Bonhoeffer :: Chapter 21 The Harvest

Good morning.  We are shifting gears a little this morning as we get back into Dietrich Bonhoeffer’s The Cost of Discipleship.  Bonhoeffer has just finished discussing the sermon on the mount and last time we read Jesus’ final teaching from Matthew chapter 7 about the house built on the sand and the house built on a strong foundation. 

Again, I would like you to put yourself in the shoes of the disciples and consider what might have been going through their minds at this time. Jesus is done with his sermon and we as disciples have a lot to think about.  We have been called to a completely new way of living and challenged to have a new set of values.  What are we to think about our new status as disciples?  First I suppose there might be a sense of pride: after all Jesus picked US.  He has lots of followers, but the twelve, we are specially chosen to be close to the master, to be trained and instructed by him, to see first hand what he is going to do.  Now we recognise that it is grace that we are called by him, that it is not because of our own overwhelming superiority that we have been selected to be disciples.  Still, we are human and along with our sense of pride must surely be a little bit of elitism.  After all, in the sermon we just heard Jesus said “Go in through the narrow gate, for wide is the gate and broad is the way that leads to destruction, and many there are who go in through it. But narrow is the gate and constricted is the way which leads to life, and there are few who find it.”

So along with our feeling of pride is this sense of separation from the common man.  We are the ones going through the narrow gate.  We are the ones who have been chosen by Jesus.  We are the ones who truly understand what it takes to be a disciple and we are the ones to whom Jesus thought it worthwhile to explain discipleship.  How does this affect how we view everyone around us?  Might we look down on the masses?  We are the few, they are the many.  It isn’t worth it really, to spend much time worrying about them or trying to tell them the good news.  In fact, Jesus seems to have this thing for the people, but he is really spending to much time on people that don’t appreciate him the way we do.  Everyone should just go away and let him focus on those who want to hear his teachings…

Does this sound familiar or plausible?  Consider the disciples’ responses when parents brought their children to Jesus to be blessed Matt 19.  It says the disciples rebuked the children.  Jesus is tired!  Run away and play, we don’t have time for you.  But Jesus said “Allow the little children to come to Me, and do not forbid them; for of such is the kingdom of Heaven.”  Or consider the curious account in Mark 9:  Jesus has just come down from the transfiguration mountain and his disciples tell him they just ordered a man to stop who had been casting out demons in Jesus name.  Why?  John told Jesus “we forbade him, because he does not follow us.”  Jesus’ response?  “Do not forbid him...  He who is not against us is for us.”  Finally, consider the disciples response to rejection.  In Luke 9 Jesus attempts to enter a Samaritan village, but is rejected because he is bound for Jerusalem.  James and John are on top of things though!  They turn to Jesus and say “Lord, do You desire that we command fire to come down from Heaven and consume them, even as Elijah did?”  Luke records that Jesus rebuked them saying  “You do not know of what spirit you are. For the Son of Man has not come to destroy men's lives, but to save.”  Elitist?  Superior?  Separate and apart?  You bet!   The disciples definitely had an attitude.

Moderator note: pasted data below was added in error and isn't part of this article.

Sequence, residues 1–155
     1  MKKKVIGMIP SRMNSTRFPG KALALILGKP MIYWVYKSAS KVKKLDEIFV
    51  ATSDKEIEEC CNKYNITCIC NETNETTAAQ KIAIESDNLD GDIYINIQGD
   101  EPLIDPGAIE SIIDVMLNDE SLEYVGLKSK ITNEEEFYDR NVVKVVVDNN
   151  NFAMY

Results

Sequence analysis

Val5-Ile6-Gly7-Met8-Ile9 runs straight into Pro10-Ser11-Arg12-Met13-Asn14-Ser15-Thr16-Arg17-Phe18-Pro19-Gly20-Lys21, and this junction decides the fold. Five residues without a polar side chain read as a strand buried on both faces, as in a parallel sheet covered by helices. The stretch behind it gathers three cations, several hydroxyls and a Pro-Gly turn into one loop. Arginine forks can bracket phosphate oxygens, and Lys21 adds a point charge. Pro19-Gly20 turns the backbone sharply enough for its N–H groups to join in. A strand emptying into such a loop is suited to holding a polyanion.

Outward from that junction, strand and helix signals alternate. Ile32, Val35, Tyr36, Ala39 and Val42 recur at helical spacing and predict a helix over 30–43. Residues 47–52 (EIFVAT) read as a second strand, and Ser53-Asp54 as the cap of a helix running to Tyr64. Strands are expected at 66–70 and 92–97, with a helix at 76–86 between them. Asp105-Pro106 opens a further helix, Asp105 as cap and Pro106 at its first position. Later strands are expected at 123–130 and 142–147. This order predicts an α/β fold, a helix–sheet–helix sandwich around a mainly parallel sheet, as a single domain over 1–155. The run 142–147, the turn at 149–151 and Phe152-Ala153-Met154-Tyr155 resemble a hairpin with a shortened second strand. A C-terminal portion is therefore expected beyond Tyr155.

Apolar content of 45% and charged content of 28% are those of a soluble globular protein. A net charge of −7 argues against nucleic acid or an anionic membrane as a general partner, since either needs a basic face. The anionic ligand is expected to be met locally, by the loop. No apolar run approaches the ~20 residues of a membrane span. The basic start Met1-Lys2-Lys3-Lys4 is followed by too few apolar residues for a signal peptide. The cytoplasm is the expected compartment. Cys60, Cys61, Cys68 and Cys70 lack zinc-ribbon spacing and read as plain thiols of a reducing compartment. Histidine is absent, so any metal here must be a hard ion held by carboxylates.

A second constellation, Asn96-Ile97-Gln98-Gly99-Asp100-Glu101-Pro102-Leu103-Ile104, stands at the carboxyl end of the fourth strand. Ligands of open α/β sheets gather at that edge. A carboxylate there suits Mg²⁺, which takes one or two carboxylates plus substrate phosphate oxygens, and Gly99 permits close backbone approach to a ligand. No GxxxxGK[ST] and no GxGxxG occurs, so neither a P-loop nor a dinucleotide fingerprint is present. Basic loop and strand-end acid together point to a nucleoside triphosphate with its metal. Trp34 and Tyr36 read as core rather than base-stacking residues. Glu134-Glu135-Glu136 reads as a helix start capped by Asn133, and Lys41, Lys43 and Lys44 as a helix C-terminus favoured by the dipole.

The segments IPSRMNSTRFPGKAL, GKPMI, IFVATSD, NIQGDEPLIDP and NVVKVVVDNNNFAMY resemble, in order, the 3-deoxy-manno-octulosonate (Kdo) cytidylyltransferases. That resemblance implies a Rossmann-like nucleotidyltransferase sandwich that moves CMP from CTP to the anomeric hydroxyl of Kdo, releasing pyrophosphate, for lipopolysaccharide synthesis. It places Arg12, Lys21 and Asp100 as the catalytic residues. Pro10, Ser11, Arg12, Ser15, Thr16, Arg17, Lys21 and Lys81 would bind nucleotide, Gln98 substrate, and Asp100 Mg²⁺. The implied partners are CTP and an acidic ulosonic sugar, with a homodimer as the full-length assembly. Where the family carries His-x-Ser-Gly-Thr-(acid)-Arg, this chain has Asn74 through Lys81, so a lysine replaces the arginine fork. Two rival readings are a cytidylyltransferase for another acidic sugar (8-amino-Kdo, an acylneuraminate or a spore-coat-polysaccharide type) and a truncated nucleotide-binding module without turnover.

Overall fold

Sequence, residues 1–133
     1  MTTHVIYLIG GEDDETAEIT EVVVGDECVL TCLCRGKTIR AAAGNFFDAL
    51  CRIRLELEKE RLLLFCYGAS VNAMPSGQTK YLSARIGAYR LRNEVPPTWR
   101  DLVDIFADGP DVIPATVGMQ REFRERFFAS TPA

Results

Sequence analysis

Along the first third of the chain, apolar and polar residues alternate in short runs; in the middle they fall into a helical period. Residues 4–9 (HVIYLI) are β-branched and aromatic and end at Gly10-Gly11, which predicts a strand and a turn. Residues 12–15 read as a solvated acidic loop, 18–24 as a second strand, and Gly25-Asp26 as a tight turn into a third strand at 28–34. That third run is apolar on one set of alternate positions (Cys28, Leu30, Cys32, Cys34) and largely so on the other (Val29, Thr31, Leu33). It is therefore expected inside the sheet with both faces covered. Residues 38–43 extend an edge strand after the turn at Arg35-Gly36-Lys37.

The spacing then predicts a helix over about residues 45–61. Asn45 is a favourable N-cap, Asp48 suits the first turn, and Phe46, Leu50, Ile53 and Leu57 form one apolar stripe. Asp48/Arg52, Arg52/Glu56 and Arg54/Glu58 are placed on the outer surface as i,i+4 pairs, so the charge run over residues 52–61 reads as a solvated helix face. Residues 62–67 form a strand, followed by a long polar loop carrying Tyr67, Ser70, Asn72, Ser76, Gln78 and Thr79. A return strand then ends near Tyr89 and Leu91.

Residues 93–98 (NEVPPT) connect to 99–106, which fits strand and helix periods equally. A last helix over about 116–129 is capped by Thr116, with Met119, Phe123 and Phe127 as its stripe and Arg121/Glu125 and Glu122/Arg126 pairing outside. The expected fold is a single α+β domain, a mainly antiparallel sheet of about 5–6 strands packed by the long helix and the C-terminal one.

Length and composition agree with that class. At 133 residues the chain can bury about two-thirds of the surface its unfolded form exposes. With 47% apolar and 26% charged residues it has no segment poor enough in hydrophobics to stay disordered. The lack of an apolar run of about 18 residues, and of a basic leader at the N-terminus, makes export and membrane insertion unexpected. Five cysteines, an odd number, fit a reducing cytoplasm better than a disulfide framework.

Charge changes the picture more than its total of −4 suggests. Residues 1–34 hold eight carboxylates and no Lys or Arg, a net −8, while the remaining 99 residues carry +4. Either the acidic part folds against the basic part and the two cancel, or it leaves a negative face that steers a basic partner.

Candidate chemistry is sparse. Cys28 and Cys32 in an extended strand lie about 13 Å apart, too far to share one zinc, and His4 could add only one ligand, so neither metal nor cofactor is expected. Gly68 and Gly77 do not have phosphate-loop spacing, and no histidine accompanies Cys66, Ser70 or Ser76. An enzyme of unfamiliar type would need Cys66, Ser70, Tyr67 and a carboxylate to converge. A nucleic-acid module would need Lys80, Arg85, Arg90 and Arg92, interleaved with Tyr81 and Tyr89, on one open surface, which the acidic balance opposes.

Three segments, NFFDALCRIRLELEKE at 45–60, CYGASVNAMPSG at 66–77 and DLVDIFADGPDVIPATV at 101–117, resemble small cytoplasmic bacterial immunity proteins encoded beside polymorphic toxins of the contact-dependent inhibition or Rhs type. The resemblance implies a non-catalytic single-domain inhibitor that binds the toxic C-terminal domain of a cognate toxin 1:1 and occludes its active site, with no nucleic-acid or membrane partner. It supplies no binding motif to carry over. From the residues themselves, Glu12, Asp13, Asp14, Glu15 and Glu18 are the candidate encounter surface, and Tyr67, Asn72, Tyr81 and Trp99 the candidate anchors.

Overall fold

And how did Jesus look at the masses?  How did he want his disciples to view the lost multitudes?  With compassion. 

Matt 9:35-38

Then Jesus went about all the cities and villages, teaching in their synagogues, preaching the gospel of the kingdom, and healing every sickness and every disease among the people.  But when He saw the multitudes, He was moved with compassion for them, because they were weary and scattered, like sheep having no shepherd.  Then He said to His disciples, "The harvest truly is plentiful, but the laborers are few. Therefore pray the Lord of the harvest to send out laborers into His harvest."

For Jesus, the lostness of souls is a matter for compassion, not scorn.  Jesus doesn’t seek an elite and he wasn’t trying to set up a religious clique.  When Jesus saw the masses he saw a harvest that lacked only laborers.  What do you see when you look at a world full of lostness?

It has been my custom to try to make direct application to our lives, personal and corporate, from the chapter each week.  The application for each one of of us this week is perhaps clear enough without too much additional commentary on my part.  I will instead leave you with two questions to ask yourself.  First: Have you ever stood between the busy masses and Jesus?   Have you ever metaphorically shooed people away from Savior who loves them?  Do you demonstrate, even if only through inaction, that you believe Christianity to be an exclusive club for the elite?  Secondly:  When you look at the lost do you see a harvest, waiting for workers?  Do you pray that the Lord of the Harvest will send workers?  Are you willing to consider that the worker who is sent may be you? 

We are disciples by God’s grace alone.  May we each struggle to truly live and think as disciples through this next week.